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Power & Motoryacht December 2018

Power & Motoryacht is the leading marine magazine for powerboat owners with boats over 25 feet. Each issue is fact-packed with information on boats and boat maintenance, new boating equipment, advice, and filled with beautiful color photography of the latest boats and boating destinations.

United States
Active Interest Media
R 86,71
R 173,56
12 Issues

in this issue

3 min
salty adventures

I hear a muffled whimper, then scratching. I keep my eyes closed and do my best not to move a muscle, hoping she’ll roll over and go back to bed. The odds of that happening are rarely in my favor, and they’re certainly not today. The whimpering continues. I haven’t had to set an alarm clock in months; the newest addition to the Harding family—a 20-pound Nova Scotia Duck Tolling Retriever named Salty—is ready for her walk ashore. Karen and I move in silence as we pack an early morning ditch kit: a leash, bags and her favorite green ball. The dinghy is covered with drops of dew. A couple pulls of the cord and the outboard awakens. We begin idling through the mooring field as quietly as possible. The harbor is…

3 min
a tale of two captains

On October 1st, 2015 two ships sank during Hurricane Joaquin, a monster Category-4 storm that devastated several districts of the Bahamas. The 790-foot El Faro tragically went down with all hands, but the crew of the smaller 230-foot Minouche survived thanks to the leadership, critical decision-making skills and bravery of both her skipper and a U.S. Coast Guard helicopter rescue team flying out of Great Inagua. In Into The Storm, a recently published book that reads as much like a fast-paced thriller as a straightforward account of what took place aboard each ship just prior to its sinking, Miami-based journalist Tristram Korten offers a host of lessons that will likely prove useful not only to modern shipmasters but to captains of recreational vessels as well. Korten’s approach is far from heavy-handed.…

3 min
back from the brink

There was nothing unusual about the setting. On a late summer day, a Down East-inspired boat was plying the waterways of the Connecticut River; a typical New England tableau. Nothing, certainly, to bat an eye at for anyone who’s spent time in this quiet part of the world. The leaves had yet to change but there was a slight crispness to the air: a sign that summer was coming to an end. But that wasn’t it. If you looked closer, studied the scene a little harder, it was the boat that was unusual given the company’s history. Moving steadily under power of Volvo IPS pod drives, the newest iteration of the San Juan Yachts 40 brought everything into sharp relief: The West-Coast-built, lobster-boat-inspired builder was back. Two years before, San Juan…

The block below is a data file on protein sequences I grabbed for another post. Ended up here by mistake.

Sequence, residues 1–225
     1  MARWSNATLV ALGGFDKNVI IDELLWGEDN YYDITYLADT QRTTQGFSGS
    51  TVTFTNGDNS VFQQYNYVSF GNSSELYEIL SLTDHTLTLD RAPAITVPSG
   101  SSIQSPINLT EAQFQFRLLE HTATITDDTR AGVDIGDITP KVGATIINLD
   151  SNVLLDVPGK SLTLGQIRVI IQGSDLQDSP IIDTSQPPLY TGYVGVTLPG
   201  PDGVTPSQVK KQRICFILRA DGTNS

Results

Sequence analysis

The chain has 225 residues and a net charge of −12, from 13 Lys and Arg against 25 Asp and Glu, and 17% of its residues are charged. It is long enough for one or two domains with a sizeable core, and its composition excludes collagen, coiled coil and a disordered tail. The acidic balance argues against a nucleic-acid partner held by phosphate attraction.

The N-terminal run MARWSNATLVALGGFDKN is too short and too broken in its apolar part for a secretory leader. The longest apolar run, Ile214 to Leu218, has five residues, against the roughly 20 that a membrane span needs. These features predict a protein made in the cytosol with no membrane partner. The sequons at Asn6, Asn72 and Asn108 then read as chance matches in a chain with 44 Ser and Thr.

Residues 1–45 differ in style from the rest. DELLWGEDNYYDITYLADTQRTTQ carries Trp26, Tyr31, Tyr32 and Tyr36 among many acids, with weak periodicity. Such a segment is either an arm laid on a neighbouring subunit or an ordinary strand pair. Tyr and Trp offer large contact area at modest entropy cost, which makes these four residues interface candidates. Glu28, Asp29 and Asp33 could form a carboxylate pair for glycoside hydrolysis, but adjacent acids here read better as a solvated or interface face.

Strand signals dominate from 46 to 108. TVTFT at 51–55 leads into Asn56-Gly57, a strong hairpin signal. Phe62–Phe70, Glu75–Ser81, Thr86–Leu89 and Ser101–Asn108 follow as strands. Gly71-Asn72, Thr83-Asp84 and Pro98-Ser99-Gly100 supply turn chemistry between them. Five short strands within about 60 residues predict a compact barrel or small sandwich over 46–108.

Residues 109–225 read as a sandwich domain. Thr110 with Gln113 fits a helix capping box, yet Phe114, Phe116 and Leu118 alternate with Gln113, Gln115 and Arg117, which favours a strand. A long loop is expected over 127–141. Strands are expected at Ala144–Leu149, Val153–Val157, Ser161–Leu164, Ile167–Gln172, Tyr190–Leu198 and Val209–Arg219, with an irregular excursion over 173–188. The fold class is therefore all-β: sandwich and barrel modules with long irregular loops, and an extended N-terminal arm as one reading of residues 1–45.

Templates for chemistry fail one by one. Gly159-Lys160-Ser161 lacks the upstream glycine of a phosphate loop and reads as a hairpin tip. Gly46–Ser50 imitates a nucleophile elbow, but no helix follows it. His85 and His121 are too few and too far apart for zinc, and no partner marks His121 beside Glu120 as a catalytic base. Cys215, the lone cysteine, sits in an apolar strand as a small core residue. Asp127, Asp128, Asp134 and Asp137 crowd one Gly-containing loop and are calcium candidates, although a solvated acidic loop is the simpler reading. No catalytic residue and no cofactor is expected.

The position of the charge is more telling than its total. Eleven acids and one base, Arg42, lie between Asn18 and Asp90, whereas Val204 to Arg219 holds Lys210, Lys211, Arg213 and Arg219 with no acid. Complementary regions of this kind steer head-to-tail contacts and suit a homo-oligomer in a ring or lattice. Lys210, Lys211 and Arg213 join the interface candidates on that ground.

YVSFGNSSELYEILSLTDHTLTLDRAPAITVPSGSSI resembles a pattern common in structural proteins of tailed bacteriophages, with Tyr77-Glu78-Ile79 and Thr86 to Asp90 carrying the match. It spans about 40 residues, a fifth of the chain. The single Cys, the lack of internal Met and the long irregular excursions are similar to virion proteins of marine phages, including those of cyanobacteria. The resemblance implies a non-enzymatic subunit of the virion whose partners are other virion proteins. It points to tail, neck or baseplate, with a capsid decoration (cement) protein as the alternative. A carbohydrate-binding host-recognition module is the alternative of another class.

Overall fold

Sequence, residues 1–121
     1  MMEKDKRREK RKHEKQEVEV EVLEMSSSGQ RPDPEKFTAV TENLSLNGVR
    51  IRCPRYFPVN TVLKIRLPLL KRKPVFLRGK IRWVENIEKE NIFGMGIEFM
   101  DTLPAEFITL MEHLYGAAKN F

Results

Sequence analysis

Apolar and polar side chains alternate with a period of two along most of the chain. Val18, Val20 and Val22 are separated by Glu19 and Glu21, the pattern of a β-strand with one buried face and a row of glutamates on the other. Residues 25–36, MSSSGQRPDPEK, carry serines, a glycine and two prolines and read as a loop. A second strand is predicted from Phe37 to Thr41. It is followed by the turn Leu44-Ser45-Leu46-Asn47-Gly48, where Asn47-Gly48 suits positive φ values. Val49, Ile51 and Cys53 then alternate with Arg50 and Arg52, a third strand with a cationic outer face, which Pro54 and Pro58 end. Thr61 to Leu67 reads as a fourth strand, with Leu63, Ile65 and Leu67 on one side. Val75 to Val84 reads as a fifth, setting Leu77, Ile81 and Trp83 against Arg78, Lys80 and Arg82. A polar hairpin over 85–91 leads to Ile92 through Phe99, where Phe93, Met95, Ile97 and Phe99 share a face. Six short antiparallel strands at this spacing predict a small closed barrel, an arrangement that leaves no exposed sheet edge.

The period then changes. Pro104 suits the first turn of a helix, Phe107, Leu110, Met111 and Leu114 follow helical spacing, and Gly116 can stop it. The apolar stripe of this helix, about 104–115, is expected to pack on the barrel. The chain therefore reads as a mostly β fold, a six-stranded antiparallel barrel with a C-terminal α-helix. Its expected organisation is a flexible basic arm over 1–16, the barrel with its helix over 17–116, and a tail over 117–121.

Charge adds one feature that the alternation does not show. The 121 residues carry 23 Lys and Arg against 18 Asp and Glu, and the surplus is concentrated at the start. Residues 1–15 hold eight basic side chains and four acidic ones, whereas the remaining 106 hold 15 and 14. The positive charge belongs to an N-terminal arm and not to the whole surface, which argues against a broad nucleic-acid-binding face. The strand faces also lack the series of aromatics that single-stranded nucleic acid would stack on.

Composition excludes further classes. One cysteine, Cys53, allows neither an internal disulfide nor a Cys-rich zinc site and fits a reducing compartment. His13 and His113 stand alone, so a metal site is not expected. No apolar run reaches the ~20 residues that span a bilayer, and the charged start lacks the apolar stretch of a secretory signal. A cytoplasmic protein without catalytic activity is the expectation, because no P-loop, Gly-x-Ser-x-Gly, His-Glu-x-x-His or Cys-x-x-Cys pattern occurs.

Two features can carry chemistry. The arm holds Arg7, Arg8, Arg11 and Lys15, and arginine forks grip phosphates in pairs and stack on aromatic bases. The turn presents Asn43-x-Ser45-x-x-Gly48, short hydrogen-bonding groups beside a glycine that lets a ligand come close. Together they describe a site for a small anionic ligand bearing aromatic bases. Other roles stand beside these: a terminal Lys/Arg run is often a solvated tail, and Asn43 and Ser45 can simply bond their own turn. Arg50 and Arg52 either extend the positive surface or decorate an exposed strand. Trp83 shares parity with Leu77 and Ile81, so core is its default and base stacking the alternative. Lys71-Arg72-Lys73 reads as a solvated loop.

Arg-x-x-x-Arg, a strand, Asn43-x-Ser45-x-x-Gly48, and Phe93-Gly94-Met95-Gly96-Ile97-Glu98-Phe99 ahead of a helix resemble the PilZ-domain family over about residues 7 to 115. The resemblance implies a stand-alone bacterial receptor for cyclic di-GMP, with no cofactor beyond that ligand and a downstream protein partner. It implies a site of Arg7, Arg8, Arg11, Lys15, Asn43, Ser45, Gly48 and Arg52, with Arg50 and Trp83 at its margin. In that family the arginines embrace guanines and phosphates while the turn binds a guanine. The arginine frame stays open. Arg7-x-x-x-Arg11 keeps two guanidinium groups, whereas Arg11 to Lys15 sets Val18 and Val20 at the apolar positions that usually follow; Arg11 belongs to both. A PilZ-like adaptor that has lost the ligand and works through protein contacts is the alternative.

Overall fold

3 min
navigating yachtworld

Have you ever perused YachtWorld? Of course you have! You probably own a perfectly nice boat. Or three. Maybe a dozen. But that isn’t enough for you, is it? Who among us can resist the temptation to make plans for The Next Boat? So we look. As a yacht designer I tend to look at new and old boats as much or even more than the next guy, but with a decidedly jaded eye. I’m also an average-Joe owner of a Tiara convertible who can’t help but pay close attention to the options available for My Next Boat. Maybe something 45 to 55 feet, a little newer, a little faster … I’ll be right back. Alright, I just saw a Viking 53 for sale with a rip saw displayed on the salon…

3 min
see a brighter world

I entered the tidal strait with apprehension. It was always busy and seemed to have no slack tide—it just ripped like hell in either direction. I handled both with confidence; it was what lie beneath the surface that unnerved me. The wrecks on New Jersey’s Shrewsbury River are charted, some with the dreaded, slanted symbol of a half-hull that designates Position Approximate. Storms, high winds and strong tides would move the lost craft just about every season. The wrecks keep salvage operators busy. I once watched as a man prepped a damaged convertible for towing. I waved hello and as I motored off, he pointed off his stern. “That wreck sent my kids to college,” I remember him saying. We hope to avoid catastrophe by updating our paper charts and utilizing today’s advanced…

5 min
on demand

Some people regard their boat as an escape from the rest of the world—TV included. I frequently feel this way. Still, for those who like to bring the comforts of home with them on the water, I field a lot of questions about the best way to get TV access on board. The first step should be an honest assessment of how you use your boat, how much TV you watch and how important it is to have access on the boat—otherwise known as how much you’re willing to spend. The traditional options were already more complicated on a boat, especially a cruising boat, and now there’s the added choice of streaming TV over the internet. Attempting to evaluate all the choices can make your head spin. There are four options available…